I'm writing a multi threaded console application which downloads pdf files from the web and copies it locally on to our content Server location(windows server). This is also the same location from which the files will be served to our website. I am skeptical about the approach, because of concurrrency issues such as if the user on the web site requests a pdf file from the content server, and at the same time the file is being written to or being updated by the console application there might be an IO Exception. (The application also makes updates to the pdf files if the original contents change over time) Is there a way to control the concurrency issue?
You probably want your operations on creating and updating the files where they are served to be atomic, so that any other processes dealing with those files get the correct version, not the one that is still open for writing.
Instead of actually writing the files to where they will be served, you could write them to a temporary directory and then move them into the directory where they will be served from.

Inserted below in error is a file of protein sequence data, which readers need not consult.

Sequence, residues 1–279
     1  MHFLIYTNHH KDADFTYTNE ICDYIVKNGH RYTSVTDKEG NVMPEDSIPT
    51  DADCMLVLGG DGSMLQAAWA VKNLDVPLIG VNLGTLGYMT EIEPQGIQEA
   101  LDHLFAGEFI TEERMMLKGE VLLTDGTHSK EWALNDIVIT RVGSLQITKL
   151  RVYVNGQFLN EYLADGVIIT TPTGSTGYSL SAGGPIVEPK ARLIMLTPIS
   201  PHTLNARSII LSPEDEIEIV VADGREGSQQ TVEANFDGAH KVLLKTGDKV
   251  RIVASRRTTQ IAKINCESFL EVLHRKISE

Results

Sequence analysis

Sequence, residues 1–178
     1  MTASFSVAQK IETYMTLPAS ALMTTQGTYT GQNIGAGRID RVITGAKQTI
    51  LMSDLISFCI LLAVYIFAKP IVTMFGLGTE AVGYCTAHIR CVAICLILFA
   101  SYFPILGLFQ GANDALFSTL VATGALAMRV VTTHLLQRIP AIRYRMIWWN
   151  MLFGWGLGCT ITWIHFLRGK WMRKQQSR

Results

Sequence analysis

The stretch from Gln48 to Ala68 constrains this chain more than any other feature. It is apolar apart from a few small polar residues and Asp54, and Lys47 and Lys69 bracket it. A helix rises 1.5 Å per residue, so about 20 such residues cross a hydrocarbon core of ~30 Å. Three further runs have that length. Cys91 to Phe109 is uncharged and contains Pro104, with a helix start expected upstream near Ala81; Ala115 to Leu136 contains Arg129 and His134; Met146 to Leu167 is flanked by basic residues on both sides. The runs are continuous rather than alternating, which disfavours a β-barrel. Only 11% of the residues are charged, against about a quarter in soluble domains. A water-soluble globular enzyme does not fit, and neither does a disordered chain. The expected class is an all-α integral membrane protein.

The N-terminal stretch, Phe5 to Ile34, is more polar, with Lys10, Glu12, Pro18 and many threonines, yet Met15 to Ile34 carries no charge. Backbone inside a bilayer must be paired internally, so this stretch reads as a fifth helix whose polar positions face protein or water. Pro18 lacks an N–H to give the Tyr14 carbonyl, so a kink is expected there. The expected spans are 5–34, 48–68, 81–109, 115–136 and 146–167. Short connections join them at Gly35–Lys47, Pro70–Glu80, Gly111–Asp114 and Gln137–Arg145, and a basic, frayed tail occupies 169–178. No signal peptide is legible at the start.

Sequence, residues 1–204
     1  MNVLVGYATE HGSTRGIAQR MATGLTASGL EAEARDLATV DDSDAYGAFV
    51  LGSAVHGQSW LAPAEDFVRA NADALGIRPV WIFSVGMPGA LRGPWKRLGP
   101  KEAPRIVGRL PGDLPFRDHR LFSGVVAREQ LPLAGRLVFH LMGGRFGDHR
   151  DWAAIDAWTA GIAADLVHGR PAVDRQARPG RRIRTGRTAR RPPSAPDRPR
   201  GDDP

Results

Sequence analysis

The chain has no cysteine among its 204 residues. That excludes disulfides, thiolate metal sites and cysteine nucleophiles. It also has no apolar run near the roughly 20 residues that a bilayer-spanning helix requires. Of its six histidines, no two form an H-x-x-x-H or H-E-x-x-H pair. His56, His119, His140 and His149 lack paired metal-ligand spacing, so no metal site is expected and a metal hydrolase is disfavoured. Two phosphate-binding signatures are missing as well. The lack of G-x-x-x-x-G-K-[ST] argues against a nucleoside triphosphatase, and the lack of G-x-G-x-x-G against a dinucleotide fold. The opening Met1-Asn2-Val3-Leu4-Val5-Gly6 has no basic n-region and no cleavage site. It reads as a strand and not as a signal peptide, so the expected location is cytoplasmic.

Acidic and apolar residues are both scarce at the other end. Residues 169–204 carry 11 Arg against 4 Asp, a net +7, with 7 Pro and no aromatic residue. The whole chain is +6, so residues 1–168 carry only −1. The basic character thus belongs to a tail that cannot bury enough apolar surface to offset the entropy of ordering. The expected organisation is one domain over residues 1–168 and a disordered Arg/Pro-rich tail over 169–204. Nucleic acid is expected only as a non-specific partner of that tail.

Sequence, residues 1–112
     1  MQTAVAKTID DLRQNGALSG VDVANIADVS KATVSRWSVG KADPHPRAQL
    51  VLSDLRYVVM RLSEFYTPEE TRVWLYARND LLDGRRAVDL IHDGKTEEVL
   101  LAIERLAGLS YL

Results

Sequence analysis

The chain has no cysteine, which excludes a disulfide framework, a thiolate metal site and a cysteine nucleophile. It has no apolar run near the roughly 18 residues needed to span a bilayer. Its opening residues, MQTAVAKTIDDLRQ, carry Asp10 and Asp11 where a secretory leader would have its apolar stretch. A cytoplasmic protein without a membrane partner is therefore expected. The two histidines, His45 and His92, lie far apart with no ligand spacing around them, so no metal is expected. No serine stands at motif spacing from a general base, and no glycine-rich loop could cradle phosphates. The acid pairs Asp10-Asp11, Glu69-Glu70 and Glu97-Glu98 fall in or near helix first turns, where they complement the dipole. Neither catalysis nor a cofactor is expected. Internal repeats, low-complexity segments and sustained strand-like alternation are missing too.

Similarly, for updating them, you should check that when your application is updating those pdfs that the files themselves are not changed until writing has finished. You could test this by making your application sleep after it has started writing to the file, for example.
The details depend on which web server software you are using, but the key to this problem is to give each version of the file a different name. The same URL, mind you, but a different name on the underlying file system.
Once a newer version of the file is ready, change the web server's configuration so that the URL points to the new file. In any reasonably functional web server this should be an atomic operation.
If the web server doesn't have built-in support for this, you could serve the files via a custom server-side script.